As employers have seen in national news, terminating an employee for controversial views doesn’t end the controversy.
Google finds itself in an unenviable legal position after it fired an employee on Aug. 7 for posting a controversial manifesto, and it now faces the ousted employee’s complaint alleging it violated his rights under the National Labor Relations Act. Shortly after the manifesto came to light, The Guardian reported that 60 former and current female employees were weighing a class action suit against Google for pay discrimination.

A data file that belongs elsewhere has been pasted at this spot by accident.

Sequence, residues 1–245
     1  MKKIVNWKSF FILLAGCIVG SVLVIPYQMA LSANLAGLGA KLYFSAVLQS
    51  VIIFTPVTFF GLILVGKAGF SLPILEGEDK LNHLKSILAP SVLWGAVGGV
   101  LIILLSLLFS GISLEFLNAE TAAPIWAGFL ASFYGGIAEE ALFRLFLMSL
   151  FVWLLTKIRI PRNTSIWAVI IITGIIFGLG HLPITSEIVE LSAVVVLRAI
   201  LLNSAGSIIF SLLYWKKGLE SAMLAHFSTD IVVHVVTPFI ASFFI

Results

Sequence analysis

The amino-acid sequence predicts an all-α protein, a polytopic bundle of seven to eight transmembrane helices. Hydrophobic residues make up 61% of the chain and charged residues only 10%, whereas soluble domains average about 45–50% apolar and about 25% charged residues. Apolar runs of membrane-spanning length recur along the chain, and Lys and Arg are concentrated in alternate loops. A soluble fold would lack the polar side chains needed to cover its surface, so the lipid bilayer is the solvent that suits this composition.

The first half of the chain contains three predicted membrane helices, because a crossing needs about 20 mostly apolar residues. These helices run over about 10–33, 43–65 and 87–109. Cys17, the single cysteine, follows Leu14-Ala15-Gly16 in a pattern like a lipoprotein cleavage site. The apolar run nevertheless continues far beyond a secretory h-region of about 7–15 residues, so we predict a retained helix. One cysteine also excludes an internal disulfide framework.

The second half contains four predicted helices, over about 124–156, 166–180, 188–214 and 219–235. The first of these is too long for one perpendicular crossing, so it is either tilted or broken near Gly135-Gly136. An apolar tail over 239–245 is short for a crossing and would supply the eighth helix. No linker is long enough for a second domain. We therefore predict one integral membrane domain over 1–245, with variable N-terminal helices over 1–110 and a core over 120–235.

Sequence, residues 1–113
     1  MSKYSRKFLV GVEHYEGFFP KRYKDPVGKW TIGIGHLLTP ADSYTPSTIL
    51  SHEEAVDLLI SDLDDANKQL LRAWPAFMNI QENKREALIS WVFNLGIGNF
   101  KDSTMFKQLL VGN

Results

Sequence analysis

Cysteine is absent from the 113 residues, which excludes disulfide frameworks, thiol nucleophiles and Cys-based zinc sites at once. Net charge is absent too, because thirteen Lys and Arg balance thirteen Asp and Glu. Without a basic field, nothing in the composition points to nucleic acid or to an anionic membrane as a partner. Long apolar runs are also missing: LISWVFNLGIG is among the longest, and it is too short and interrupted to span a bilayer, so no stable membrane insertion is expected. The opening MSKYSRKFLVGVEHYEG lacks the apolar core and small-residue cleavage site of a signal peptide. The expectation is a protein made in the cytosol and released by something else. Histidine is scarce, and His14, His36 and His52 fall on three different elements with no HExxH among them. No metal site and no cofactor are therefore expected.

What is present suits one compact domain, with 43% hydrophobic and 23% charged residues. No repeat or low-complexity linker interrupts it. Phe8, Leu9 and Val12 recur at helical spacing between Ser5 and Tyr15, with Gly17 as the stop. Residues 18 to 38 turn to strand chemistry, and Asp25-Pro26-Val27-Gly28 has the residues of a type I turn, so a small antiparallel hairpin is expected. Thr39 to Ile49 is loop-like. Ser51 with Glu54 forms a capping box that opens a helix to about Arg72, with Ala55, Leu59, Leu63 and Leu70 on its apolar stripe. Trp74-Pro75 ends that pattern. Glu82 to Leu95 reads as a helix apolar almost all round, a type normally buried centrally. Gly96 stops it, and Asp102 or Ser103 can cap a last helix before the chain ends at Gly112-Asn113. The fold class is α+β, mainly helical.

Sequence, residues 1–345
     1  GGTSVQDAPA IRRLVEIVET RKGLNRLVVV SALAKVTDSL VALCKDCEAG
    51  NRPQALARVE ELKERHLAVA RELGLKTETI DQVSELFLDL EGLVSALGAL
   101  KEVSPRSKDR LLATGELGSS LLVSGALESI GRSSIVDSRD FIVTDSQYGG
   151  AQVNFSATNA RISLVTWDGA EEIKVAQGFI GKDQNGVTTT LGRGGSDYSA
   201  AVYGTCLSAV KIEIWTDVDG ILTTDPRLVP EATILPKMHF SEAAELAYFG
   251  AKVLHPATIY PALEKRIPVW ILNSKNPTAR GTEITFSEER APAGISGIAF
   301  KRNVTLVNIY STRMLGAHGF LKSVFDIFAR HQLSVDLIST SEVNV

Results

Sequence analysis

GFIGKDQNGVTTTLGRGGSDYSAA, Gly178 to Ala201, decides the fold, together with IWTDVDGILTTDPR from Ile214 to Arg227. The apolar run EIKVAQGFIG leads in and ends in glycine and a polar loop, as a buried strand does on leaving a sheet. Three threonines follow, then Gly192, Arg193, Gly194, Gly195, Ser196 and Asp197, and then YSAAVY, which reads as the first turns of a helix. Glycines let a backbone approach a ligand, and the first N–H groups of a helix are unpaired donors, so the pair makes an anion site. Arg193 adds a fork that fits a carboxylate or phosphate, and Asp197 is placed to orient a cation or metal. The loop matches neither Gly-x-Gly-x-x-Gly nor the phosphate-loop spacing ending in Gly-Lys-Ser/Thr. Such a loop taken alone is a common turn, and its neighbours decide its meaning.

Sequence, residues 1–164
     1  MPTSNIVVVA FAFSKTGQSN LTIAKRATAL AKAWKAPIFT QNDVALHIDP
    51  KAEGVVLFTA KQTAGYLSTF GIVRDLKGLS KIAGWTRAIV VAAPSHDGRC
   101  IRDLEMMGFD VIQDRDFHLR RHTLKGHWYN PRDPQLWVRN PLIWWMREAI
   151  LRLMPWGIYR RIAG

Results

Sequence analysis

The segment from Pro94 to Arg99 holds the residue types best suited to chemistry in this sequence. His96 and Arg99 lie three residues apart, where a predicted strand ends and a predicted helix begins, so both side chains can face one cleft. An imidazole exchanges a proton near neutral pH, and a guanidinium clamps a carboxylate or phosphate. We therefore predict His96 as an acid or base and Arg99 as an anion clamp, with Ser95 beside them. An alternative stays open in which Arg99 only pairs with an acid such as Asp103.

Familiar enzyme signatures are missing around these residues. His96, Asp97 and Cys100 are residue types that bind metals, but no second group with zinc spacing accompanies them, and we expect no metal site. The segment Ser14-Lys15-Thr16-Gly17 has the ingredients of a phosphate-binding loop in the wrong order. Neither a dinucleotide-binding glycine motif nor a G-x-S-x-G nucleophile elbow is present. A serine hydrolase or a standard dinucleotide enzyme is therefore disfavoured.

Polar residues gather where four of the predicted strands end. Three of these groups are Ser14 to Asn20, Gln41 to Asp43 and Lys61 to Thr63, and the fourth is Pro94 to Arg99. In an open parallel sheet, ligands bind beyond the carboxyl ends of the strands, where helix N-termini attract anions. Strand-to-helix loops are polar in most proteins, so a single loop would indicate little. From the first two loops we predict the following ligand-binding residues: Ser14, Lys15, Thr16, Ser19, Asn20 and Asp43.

The tech giant’s situation — caught between a broadly enforced labor statute and growing public scrutiny over its pay practices — highlights the trickiness of making highly public personnel decisions for many employers, whether in Silicon Valley or Colorado.
Google became the focus of a heated gender gap debate when an employee’s manifesto criticizing the company’s diversity initiatives was leaked to the public. Former Google engineer James Damore published a 10-page internal memo accusing the company of creating an “ideological echo chamber” and hiring based on race and gender to try to boost representation of women and minorities among its ranks.